Milewski says that obvious yearning for a place to dance — evidenced by wait-lists and classes filling up two weeks in advance — is a foundational reason Block 1750 exists.
“People need a home. A good friend of mine put it like this: If you’re a writer, you can go to coffee shops and you can write and you can be welcomed. If you’re a painter, you can go places and you can paint, even just outside. But if you’re a dancer, like you can’t just like dance on this,” he says, stomping his foot on the asphalt of the parking lot.
Growing up, Milewski says, breakdancers like himself are forced to practice in spaces not meant for dance: racquetball courts, gyms, college campuses, random buildings with smooth floors. Dancers are often asked to leave because of liability. And while it might be “legally understandable,” Milewski says, it’s demoralizing to developing artists:
“So being able to have a space where it’s like, ‘Come in for free whenever you want and do your thing,’ that’s so necessary.”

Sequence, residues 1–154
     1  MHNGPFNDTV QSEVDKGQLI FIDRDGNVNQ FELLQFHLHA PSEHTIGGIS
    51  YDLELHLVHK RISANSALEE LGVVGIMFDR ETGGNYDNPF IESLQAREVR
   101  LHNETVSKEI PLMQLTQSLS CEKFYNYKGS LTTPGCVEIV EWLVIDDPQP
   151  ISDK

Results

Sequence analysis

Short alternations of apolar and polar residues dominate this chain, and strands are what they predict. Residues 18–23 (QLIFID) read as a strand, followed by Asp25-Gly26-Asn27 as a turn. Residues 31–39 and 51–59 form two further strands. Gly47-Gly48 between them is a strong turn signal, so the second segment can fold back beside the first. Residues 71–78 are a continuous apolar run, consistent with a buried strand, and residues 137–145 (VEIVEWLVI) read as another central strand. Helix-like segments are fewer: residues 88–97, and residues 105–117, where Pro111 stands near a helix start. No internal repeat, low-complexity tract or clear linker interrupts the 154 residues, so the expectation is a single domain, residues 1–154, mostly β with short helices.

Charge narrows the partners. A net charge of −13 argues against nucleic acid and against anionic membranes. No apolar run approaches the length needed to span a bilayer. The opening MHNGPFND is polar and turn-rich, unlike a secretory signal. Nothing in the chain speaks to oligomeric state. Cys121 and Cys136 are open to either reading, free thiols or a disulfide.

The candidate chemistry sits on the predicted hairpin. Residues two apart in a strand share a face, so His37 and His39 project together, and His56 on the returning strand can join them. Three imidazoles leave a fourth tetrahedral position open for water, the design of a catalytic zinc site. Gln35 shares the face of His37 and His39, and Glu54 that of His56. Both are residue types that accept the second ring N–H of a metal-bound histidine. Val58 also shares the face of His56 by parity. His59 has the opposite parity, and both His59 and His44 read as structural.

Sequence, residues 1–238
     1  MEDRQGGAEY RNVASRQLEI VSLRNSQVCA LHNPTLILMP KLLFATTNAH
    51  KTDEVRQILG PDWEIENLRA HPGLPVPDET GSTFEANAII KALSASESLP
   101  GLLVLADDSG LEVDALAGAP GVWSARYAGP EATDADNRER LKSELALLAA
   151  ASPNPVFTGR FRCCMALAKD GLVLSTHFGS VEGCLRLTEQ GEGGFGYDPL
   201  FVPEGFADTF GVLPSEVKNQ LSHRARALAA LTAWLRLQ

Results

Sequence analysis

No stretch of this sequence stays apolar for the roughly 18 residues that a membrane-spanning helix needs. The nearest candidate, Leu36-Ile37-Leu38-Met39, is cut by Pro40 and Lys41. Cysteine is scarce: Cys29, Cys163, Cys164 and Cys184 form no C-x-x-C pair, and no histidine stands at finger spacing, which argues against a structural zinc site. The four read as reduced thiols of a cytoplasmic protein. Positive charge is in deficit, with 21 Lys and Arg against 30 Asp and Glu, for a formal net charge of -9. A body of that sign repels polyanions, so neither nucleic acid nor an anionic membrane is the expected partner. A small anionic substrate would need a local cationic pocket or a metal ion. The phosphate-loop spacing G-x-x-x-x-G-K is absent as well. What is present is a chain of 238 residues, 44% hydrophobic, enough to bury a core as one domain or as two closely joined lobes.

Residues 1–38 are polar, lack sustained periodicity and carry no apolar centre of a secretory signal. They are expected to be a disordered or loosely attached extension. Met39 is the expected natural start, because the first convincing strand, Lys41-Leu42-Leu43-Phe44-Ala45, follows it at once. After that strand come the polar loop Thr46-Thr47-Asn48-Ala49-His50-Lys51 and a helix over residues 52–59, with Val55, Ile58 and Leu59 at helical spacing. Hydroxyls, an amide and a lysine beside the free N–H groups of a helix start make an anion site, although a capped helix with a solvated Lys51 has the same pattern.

And it’s at the core of what hip-hop culture is about, according to CU-Boulder dance professor and Block 1750 hip-hop teacher Larry Southall.
Southall grew up in the Bronx, where hip-hop culture emerged during the ’60s and ’70s as a way to help young folks navigate a distressed borough that was intentionally forgotten by elected officials. (Former New York Senator Pat Moynihan once famously suggested “benign neglect” as a policy proposal to municipally disinvest from the Bronx.) Southall explains that hip-hop culture involves five primary elements: the DJ, the MC (a master of ceremonies, not a rapper), graffiti art (which Southall reminds had nothing to do with gang activity and everything to do with expression and making art accessible), b-boys and b-girls (break dancers) and, “most importantly,” says Southall, “knowledge of self and knowledge of the culture.”
“[Alex] has created a real community environment at the Block, and he’s invested in what hip-hop is and making sure that the students know about it — not just the dance, but the culture,” he says.
Southall teaches an intergenerational hip-hop class at the Block, where children regularly dance with parents — sometimes even grandparents.
“These battles (dance competitions) between b-boys and b-girls, they’re family-friendly,” Southall says. “You’re celebrating the dance and communing with each other and to me, that’s the best thing ever. And I feel that Alex really represents that at the Block and I’m proud to be there.”